Okay, this is the basic skeleton of a Promise. We have our main function XPromise, the helper functions resolve and reject. XPromise takes a function, which contains resolve and reject. This function also returns an object that contains the functions then and catch.

You can see that I am also using an Immediately-Invoked Function Expression to make the U Combinator available to use as the U argument.

Stay with me now, the worst is over! If I haven’t lost you and are still following… rest assured, for the remainder of this article we’ll be coasting down hill! 😃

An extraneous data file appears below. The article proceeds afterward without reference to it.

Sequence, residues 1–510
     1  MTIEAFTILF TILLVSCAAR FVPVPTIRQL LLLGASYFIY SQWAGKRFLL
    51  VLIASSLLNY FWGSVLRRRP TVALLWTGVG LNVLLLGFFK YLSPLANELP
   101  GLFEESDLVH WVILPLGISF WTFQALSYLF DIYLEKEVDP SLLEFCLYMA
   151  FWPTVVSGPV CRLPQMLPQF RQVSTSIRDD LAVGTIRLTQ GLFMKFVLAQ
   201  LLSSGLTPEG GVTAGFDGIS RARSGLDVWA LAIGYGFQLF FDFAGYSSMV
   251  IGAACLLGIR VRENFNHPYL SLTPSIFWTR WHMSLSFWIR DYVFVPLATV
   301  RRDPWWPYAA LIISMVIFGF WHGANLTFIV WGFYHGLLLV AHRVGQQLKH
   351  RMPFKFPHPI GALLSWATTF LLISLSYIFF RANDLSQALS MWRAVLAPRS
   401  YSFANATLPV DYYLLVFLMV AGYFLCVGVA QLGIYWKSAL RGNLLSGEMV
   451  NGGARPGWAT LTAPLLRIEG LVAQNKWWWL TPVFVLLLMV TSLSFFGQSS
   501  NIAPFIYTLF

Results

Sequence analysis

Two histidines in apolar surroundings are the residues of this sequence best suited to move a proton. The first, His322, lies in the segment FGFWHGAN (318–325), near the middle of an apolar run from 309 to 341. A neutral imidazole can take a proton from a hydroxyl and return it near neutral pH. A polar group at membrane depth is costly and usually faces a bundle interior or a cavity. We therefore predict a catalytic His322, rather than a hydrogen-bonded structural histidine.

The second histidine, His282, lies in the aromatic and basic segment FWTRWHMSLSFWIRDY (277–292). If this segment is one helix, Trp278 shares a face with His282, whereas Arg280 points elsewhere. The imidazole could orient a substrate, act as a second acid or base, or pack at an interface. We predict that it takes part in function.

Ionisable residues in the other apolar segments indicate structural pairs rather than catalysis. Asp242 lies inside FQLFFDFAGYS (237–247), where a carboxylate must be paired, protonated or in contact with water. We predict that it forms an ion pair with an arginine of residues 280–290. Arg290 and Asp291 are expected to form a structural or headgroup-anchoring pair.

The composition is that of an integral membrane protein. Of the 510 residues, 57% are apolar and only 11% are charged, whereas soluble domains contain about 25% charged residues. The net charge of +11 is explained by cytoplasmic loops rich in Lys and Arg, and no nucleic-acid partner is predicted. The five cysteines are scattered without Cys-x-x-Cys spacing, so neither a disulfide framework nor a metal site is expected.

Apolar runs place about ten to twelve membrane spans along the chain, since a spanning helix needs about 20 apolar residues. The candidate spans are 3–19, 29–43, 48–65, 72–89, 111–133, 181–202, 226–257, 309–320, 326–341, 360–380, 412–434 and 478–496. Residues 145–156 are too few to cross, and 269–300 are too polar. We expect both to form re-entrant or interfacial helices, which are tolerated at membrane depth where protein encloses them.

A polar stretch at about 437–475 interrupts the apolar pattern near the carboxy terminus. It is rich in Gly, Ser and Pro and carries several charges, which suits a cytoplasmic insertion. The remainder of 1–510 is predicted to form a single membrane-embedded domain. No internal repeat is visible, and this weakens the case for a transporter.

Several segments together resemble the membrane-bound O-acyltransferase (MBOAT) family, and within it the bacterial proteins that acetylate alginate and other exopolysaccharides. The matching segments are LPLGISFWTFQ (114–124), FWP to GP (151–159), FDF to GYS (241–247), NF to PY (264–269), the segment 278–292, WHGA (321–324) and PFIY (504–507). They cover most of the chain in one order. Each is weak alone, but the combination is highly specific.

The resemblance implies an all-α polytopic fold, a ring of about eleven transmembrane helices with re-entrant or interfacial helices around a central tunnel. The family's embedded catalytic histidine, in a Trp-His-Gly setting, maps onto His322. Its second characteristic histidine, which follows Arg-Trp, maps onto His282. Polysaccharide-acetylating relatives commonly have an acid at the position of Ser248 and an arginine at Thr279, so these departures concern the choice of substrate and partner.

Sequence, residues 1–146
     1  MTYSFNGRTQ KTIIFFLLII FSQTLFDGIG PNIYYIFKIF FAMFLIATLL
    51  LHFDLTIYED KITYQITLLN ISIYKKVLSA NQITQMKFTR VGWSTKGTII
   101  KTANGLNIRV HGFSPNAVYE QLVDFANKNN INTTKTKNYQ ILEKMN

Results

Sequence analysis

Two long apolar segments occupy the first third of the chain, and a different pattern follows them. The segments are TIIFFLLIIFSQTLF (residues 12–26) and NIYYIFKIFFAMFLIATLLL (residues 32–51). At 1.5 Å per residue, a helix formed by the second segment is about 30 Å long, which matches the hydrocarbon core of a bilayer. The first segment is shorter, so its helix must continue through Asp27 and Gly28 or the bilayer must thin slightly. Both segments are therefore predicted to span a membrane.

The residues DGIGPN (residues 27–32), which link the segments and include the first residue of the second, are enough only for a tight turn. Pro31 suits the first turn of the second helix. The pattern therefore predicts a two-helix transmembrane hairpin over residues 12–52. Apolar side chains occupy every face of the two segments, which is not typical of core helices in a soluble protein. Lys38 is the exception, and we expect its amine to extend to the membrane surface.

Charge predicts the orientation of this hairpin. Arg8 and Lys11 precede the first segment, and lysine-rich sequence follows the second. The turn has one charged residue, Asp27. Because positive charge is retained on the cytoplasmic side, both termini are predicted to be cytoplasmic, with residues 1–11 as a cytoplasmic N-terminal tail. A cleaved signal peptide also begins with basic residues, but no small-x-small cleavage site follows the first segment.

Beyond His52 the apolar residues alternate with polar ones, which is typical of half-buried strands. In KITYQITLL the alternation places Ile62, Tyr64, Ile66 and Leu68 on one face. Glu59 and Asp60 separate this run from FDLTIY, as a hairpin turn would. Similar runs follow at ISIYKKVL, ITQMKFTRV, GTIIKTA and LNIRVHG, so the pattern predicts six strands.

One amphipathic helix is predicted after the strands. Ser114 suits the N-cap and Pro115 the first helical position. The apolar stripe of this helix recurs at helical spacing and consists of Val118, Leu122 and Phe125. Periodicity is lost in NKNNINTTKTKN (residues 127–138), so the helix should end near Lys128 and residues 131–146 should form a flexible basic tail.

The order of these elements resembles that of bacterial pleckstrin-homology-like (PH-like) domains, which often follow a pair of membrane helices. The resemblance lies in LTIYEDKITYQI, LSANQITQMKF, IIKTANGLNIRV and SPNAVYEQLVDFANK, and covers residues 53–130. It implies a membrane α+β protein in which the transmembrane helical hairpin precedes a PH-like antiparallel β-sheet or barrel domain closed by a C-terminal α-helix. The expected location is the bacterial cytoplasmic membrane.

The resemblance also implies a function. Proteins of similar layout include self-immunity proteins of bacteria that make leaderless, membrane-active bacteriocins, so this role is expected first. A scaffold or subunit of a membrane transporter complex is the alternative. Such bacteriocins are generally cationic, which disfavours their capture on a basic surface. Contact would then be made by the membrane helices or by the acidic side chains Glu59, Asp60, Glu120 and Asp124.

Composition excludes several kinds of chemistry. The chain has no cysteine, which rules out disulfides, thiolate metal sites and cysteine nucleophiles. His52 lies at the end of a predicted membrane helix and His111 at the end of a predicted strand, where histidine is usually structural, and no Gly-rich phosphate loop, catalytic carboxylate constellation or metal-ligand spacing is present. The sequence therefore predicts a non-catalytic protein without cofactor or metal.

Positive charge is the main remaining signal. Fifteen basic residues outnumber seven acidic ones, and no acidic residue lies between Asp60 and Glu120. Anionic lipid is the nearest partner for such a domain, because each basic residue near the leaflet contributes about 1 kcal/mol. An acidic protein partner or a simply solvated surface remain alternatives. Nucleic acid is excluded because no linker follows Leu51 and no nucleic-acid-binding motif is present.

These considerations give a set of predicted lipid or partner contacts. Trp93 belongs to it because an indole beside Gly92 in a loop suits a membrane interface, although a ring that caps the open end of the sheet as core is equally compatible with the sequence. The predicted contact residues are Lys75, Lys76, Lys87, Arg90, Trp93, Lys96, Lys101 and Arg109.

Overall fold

Storing state

This application, like others has to store some kind of state. This will either be the values from resolve, reject and/or the functions from then and catch. Typically, this would be done with good ‘old variables. Though, we can also accomplish the same thing just using default parameters. This will also give the added benefit of being able to call the function and also seed it with a new state! Which, spoiler alert, we are going to do just that!

BTW, This is a great case for Redux!

Converting blocks to expressions

I prefer coding with expressions over blocks. This is just a preference of mine. if statements and try/catch contain blocks, so I gotta make an alternative. I also like to use the comma operator to combine multiple expressions, which you will see below.

Ya, that is much better! 😀

Now I wanna clean up that try/catch.

Fast forward >>